Proving Mia wrong

Her 95th birthday party was supposed to be tomorrow. We had been planning it for months. My grandmother’s major desire was that we all be there. That’s why the party was to be 10 days after her actual birthday – because that was the first time everyone could be there. And it totally sucks that she’s not here.

 We were going to have the party anyway, but then 1/3 of the family ended up invited to a wedding that day (from their other side of the family) and so then the party was canceled. And that sucks.

There are two major reasons this sucks.

1) She’s gone, and it sucks that she’s gone, and I want to celebrate with her.

2) A big fear of hers, one that she expressed to me often, was that the family would not get together after she was gone.

 I always thought she was being a bit overdramatic when she said this – of course we will all still get together. We are family, after all. One (very important, nonetheless) person doesn’t make or break an entire group’s habits.

But then, as I left her house the day of the funeral, and I said goodbye to one of my cousins who lives on the West Coast, I found myself wondering, “Will I ever see her again?”

Of course I will, I said to myself, but in the weeks since I’ve had that thought, it’s popped into my head many times.

We were always close growing up. Mia has 9 grandchildren, and we gathered often at her house for fun times at the lake, Christmases, etc. But as I think about it more and more, I realize the togetherness faded as people grew up and started their own families. Much of my time at her house was spent just me and her, or me and her and my siblings and my parents, aunt and uncle. Of course, I still saw some of my cousins – sometimes. But I had not seen many of them in years – since her 90th birthday party (and some even before that.)

That’s not to say things weren’t good. A cousin on the west coast called Mia often – and she was always sending her letters and gifts, which Mia would happily show me. She went to the beach every year with other cousins. And I still felt super close to all of them even if I hadn’t seen them – one of my cousins even officiated my wedding. A cousin in Seattle and I emailed frequently for a long time. We have a good family.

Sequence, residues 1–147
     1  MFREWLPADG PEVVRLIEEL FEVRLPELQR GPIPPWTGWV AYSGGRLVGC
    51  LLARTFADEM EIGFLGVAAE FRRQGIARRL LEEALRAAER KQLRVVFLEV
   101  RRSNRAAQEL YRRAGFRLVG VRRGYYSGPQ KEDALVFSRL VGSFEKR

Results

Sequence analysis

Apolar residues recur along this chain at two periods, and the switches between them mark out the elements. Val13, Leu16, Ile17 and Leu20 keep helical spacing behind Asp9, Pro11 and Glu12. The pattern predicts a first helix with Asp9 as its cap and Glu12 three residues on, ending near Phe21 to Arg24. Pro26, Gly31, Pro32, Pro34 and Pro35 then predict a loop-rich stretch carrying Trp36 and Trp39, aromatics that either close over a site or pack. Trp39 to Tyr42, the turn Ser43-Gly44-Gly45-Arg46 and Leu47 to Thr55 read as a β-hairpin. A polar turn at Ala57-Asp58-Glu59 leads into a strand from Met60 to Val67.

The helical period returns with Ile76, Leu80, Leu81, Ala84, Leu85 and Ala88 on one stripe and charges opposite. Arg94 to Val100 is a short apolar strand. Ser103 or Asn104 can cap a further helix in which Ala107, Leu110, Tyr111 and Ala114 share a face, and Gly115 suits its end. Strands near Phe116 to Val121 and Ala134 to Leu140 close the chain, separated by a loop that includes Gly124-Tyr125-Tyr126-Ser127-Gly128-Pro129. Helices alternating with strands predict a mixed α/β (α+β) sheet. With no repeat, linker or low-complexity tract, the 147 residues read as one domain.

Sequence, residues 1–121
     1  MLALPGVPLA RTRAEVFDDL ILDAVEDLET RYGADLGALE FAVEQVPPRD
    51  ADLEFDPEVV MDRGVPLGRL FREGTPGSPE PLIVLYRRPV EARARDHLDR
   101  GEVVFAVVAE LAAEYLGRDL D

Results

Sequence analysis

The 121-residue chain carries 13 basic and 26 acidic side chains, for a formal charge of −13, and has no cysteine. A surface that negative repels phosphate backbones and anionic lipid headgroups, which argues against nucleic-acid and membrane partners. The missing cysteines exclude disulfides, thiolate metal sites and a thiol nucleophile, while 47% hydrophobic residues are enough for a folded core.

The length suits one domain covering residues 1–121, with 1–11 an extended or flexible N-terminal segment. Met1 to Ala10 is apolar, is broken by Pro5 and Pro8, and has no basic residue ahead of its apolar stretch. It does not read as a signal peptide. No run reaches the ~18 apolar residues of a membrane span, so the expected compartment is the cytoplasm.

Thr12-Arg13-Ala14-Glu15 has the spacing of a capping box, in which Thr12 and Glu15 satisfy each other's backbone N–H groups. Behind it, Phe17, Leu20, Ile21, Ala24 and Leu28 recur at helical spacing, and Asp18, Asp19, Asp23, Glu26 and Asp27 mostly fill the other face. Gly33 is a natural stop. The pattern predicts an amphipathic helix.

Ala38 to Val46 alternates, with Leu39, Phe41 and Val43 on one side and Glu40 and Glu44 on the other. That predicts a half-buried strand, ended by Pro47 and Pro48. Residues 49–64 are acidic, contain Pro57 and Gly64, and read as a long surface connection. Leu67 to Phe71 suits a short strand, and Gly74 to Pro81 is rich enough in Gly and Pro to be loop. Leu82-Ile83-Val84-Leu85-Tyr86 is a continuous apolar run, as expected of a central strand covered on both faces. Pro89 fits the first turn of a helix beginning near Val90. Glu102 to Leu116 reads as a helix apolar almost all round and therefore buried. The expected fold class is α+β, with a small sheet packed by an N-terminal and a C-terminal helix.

But Mia always worried. She was sad that the Christmases together were from years past. She feared we’d never gather once we didn’t have her to gather around.

And so, as her 95th approached, we wanted to give her that togetherness. That time at the lake. And it sucks she didn’t make it long enough for us to have that.

But a week after she died, my siblings and I hosted my parents’ anniversary party. And something really odd happened: My uncle, who never goes anywhere, came. He’s never even been to my house before. And yesterday, as Kevin and I left Jenny’s house in Greenville, we stopped to see my aunt Josie (which really isn’t that unusual, we have spent a lot of time at her house. But she made a point to make sure we knew she wanted to see us, and Kevin and I spoke about how much we wanted to see her, if only for a few minutes.) And I realized something yesterday – we are all trying.

The family will never be the same without her, that much I know. But I wish to give her this for her birthday – to prove her wrong. To show her that she raised us all right, that the strength of the family will continue and that we will all make the effort, even if we don’t have her to gather us anymore.

I miss you, Mia.